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What is an Electrical Circuit?

By Rebecca Partington
Updated May 17, 2024
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An electrical circuit is a device that uses electricity to perform a task, such as run a vacuum or power a lamp. The circuit is a closed loop formed by a power source, wires, a fuse, a load, and a switch. Electricity flows through the circuit and is delivered to the object it is powering, such as the vacuum motor or lightbulb, after which the electricity is sent back to the original source; this return of electricity enables the circuit to keep the electricity current flowing. Three types of electrical circuits exist: the series circuit, the parallel circuit, and the series-parallel circuit; depending on the circuit type, it may be possible for electricity to continue flowing should a circuit stop working. Two concepts, Ohm's Law and source voltage, can affect the amount of electricity flowing through a circuit, and therefore, how well an electrical circuit functions.

How it Works

Most devices that run on electricity contain an electrical circuit; when connected to a source of power, such as being plugged into an electrical outlet, electricity can run through the electrical circuit within the device and then return to the original power source, to continue the flow of electricity. In other words, when a power switch is turned on, the electrical circuit is complete and current flows from the positive terminal of the power source, through the wire to the load, and finally to the negative terminal. Any device that consumes the energy flowing through a circuit and converts that energy into work is called a load. A light bulb is one example of a load; it consumes the electricity from a circuit and converts it into work — heat and light.

Types of Circuits

A series circuit is the simplest because it has only one possible path that the electrical current may flow; if the electrical circuit is broken, none of the load devices will work. The difference with parallel circuits is that they contain more than one path for electricity to flow, so if one of the paths is broken, the other paths will continue to work. A series-parallel circuit, however, is a combination of the first two: it attaches some of the loads to a series circuit and others to parallel circuits. If the series circuit breaks, none of the loads will function, but if one of the parallel circuits breaks, that parallel circuit and the series circuit will stop working, while the other parallel circuits will continue to work.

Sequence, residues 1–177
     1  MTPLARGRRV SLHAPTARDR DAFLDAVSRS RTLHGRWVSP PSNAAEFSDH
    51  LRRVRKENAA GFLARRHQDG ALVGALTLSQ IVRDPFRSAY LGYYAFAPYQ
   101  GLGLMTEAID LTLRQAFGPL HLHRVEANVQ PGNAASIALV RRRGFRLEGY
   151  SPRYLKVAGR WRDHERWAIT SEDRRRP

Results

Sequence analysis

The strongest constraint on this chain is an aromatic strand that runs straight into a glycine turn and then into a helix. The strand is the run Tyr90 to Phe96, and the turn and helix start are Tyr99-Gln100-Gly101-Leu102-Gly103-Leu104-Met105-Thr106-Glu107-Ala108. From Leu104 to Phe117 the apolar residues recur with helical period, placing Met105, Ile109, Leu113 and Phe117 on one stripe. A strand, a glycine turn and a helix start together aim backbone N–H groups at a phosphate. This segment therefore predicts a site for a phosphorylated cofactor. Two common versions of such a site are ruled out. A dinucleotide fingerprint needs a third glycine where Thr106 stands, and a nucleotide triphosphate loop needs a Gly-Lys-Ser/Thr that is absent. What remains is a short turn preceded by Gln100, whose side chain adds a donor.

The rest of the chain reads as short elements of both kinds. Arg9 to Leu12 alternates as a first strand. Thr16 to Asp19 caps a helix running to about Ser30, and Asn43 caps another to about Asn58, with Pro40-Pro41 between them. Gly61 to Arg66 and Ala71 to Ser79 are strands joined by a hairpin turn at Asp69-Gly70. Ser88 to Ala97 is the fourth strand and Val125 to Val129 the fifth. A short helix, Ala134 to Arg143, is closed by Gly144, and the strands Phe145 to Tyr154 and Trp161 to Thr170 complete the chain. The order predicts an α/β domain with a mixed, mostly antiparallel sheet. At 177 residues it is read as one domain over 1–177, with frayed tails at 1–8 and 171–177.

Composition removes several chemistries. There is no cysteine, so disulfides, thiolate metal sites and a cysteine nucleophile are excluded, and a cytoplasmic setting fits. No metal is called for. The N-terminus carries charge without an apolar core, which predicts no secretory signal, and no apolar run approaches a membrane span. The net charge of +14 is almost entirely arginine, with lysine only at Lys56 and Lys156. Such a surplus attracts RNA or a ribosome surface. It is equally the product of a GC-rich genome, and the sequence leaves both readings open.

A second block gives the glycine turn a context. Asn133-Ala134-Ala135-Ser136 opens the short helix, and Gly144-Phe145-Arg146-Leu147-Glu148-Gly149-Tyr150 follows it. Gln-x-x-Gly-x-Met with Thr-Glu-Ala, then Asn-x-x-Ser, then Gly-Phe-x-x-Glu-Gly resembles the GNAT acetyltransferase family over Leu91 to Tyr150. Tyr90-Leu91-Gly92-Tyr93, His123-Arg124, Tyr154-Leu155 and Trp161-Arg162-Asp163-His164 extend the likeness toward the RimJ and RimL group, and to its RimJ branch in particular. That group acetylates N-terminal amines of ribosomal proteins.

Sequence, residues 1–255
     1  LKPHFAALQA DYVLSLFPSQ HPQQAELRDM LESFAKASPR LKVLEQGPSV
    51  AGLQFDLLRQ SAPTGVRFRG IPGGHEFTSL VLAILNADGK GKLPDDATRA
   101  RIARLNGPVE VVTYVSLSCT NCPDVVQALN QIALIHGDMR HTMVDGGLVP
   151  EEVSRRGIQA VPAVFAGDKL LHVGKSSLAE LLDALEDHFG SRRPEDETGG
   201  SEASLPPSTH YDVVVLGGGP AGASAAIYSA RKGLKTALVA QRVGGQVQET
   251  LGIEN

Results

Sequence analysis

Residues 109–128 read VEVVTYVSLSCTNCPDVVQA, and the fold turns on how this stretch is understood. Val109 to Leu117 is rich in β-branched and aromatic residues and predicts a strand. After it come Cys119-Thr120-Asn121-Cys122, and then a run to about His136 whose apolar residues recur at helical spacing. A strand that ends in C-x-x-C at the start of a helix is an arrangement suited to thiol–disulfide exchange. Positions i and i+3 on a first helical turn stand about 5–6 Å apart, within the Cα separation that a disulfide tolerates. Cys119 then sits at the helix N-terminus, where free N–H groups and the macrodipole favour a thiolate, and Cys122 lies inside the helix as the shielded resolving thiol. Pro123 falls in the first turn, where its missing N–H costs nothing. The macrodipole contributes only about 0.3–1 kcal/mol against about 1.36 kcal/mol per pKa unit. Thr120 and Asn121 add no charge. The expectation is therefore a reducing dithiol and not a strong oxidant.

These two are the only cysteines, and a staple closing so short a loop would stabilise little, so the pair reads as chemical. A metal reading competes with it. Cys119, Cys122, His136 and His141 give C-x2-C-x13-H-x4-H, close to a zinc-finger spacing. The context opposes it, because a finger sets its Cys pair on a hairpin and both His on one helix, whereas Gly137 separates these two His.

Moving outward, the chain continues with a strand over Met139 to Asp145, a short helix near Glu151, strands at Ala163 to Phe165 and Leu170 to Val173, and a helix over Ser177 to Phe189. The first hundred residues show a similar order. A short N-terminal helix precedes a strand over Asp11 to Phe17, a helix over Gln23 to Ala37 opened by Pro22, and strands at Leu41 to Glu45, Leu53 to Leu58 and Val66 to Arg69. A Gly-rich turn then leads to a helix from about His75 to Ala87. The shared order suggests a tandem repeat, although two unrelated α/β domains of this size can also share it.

Ohm's Law

Many "laws" apply to electrical circuits, but Ohm's Law is probably the most well known. Ohm's Law states that an electrical circuit's current is directly proportional to its voltage, and inversely proportional to its resistance. So, if voltage increases, for example, the current will also increase, and if resistance increases, current decreases; both situations directly influence the efficiency of electrical circuits. To understand Ohm's Law, it's important to understand the concepts of current, voltage, and resistance: current is the flow of an electric charge, voltage is the force that drives the current in one direction, and resistance is the opposition of an object to having current pass through it. The formula for Ohm's Law is E = I x R, where E = voltage in volts, I = current in amperes, and R = resistance in ohms; this formula can be used to analyze the voltage, current, and resistance of electricity circuits.

Source Voltage

Another important concept in regards to electrical circuits, source voltage refers to the amount of voltage that is produced by the power source and applied to the circuit. In other words, source voltage depends on how much electricity a circuit will receive. Source voltage is affected by the amount of resistance within the electrical circuit; it can also affect the amount of current, as the current is typically affected by both voltage and resistance. Resistance is not affected by voltage or current, however, but can reduce the amounts of both voltage and current to a electrical circuits.

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Discussion Comments
By anon259178 — On Apr 05, 2012

So what's the voltage drop, or current drop, across a series or parallel circuit? This article has the usual textbook stuff fluff but not the stuff I want to know.

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